'I always think it grossly unfair that people accept the selfish gene as a metaphor-and I think it's a lovely metaphor-but they won't accept Gaia or the living Earth. You've got to use metaphor to explain science, it's part of a process of giving people a feel for the subjecti

Ford Doolittle of Dalhousie University in Canada and Oxford biologist Richard Dawkins-for helping him to turn a loose hypothesis into a firm theory. Yet few living scientists have been so vilified by their peers. Doesn't it get him down? "It gets very painful after a time. It's a matter of quantity. A torrent of bad criticism can become quite depressing. At the end of the 1980s I began to feel that this was a complete dead loss, that I'd wasted 20 years and wasn't getting anywhere." It is easy to see why Lovelock might take criticisms of Gaia personally. Rarely has a scientific theory been so closely reflected in the character and life of its originator. Lovelock lives with his second wife Sandy in a house surrounded by 35 acres of managed wilderness, including 20 000 planted trees and every species of British dragonfly, run as a charity-his own backyard Gaia. At 81, Lovelock still buzzes with enthusiasm for science. Lynn Margulis of the University of Massachusetts at Amherst describes him as "the most creatively mischievous mind I've ever encountered". He seems driven as much by the fun and excitement of it all as by the results. His lab, in a barn near his house, is a schoolboy's dreati-and a health and safety inspector's nightmare. It's crammed with chemicals and archaic equipment and smells of benzene. He says he would find it impossible to work in the safety-conscious, nanny-like" restrictions of modem labs. But despite that energy and intellectual acuity, Lovelock reckons there is little more he can add to Gaia, preferring to let others such as Tim Lenton at the University of East Anglia carry the flame. All the same, he would dearly like to see it accepted by the mainstream in his lifetime. It would give him something to say to critics on his death bed, he says wryly And after that? He'll put his trust in Gaia, of course. 'It is comforting to think that I am a part of her, and that my destiny is to merge with the chemistry of our living planet." Such confidence about death is not, he hastens to add, born of blind faith. It is just that the scientific evidence is strong enough for him to take the chance.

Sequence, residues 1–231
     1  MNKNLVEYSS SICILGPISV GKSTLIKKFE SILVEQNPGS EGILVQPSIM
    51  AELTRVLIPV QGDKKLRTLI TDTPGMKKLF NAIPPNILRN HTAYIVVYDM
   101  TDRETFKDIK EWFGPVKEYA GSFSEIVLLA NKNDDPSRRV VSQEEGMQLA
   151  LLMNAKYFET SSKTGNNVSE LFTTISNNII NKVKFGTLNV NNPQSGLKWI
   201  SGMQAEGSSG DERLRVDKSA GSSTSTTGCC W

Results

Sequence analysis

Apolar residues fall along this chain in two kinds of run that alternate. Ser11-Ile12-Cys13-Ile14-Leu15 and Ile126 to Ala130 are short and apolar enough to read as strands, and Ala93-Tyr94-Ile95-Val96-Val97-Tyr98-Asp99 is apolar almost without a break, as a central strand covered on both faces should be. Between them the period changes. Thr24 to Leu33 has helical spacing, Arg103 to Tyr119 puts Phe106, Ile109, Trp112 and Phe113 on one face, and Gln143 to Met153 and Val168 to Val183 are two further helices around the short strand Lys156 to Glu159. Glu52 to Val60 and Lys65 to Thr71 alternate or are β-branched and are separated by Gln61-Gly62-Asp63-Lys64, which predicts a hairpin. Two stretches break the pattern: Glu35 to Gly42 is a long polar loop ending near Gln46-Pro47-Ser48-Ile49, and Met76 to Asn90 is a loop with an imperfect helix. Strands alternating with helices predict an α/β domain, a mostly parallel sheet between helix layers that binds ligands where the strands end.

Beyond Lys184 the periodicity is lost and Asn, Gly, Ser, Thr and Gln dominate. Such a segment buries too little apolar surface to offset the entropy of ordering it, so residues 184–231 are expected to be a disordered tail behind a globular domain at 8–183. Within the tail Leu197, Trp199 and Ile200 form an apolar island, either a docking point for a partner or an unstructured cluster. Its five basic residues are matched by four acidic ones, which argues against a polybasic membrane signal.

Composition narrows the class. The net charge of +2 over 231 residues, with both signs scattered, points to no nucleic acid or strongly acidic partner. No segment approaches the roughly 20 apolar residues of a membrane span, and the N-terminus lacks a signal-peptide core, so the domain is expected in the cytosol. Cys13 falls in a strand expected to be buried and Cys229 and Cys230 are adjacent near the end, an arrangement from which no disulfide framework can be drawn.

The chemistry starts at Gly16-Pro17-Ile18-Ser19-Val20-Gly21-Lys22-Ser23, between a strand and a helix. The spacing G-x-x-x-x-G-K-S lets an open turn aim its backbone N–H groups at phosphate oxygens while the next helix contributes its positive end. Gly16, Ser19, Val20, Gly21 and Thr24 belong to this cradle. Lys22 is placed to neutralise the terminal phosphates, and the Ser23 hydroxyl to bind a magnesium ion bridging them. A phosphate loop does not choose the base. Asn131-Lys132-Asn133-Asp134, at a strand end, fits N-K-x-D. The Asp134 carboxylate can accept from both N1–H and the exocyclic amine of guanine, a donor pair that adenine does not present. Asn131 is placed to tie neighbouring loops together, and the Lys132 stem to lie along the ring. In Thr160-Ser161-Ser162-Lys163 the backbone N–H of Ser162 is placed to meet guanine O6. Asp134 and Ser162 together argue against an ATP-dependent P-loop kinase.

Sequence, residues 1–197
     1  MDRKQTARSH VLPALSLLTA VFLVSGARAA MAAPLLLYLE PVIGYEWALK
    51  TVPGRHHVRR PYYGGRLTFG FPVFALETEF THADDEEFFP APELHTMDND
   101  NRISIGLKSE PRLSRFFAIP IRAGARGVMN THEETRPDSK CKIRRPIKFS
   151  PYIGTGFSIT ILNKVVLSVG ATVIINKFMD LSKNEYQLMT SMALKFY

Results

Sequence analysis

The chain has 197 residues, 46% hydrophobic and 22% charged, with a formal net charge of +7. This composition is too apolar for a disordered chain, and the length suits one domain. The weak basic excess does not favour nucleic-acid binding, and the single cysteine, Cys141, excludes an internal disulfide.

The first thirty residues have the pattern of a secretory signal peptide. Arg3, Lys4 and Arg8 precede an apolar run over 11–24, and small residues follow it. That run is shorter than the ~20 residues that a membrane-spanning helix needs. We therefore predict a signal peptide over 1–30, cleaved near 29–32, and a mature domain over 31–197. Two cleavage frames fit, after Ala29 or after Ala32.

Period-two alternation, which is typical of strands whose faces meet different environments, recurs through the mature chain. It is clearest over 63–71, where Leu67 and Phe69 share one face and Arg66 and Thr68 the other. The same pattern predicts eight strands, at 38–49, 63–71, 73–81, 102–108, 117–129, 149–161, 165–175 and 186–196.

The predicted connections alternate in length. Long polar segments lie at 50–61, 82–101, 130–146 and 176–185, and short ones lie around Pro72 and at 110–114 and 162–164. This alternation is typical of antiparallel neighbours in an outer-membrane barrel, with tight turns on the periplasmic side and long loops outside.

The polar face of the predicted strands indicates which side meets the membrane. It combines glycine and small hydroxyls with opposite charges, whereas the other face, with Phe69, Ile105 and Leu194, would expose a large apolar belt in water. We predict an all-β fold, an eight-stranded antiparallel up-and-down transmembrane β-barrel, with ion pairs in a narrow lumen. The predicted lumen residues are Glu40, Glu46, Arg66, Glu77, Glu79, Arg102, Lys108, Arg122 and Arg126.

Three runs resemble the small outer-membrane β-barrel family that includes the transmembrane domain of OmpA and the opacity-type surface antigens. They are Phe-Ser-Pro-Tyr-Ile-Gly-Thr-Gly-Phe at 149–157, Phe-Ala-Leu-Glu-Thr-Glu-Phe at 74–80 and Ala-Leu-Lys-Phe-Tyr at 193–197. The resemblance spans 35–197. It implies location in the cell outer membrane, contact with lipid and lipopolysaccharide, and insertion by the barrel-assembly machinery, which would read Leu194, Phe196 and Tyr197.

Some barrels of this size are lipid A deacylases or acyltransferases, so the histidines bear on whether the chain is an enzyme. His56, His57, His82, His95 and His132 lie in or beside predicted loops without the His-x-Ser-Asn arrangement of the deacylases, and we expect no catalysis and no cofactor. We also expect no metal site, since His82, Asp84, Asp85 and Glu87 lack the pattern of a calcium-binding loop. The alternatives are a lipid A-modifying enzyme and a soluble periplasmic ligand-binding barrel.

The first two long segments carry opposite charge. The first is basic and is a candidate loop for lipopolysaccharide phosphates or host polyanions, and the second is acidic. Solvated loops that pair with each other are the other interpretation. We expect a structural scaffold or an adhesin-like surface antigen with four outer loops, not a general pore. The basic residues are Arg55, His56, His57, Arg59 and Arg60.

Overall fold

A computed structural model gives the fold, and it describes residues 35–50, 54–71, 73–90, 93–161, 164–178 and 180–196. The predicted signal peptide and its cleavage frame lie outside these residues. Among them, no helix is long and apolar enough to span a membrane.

Homage to Gaia is published by Oxford University Press on 28 September

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Human-Pig Cloning Outcry Kills Patent NZ Herald 10-10-00
Scientists whop produced an embryonic pig-humnan hybrid have been forced to withdraw after an outcry. Scinetists from Stem Cell Sciences and Biotransplant from Australia and the US inserted humna DNA into pig cells which became embryos. Two embryos were grown to the 32 cell stage but could theoretically have been allowed to develop using a pig or human womb.

Experts in medical ethics were deeply concerned about the application to the European Patent Office It was not illegal because the embryo was not technically human. Dr. Mountford siad the company would modify the application to exclude the possiblity of humna reproductive cloning, but such embryos would be ideal for research into therapeutic cloning for tissues to repair a patient.


Scientists are celebrating successfully cloning in a cow cells taken from an endangered ox species, the gaur, but warn that humans need to protect these animals rather than rely on the new technology.

The real issue is we have been playing with nature by destroying habitat, continuing poaching or allowing people to hunt these animals for sport. said Robert F Lazla vice president of Advanced Cell Technology in Massachusetts and lead author of the study. 692 skin cells from a dead gaur were used to form 81 embryos inserted into 32 cows, five misscarried two were used for analysis and one is due to be born next month.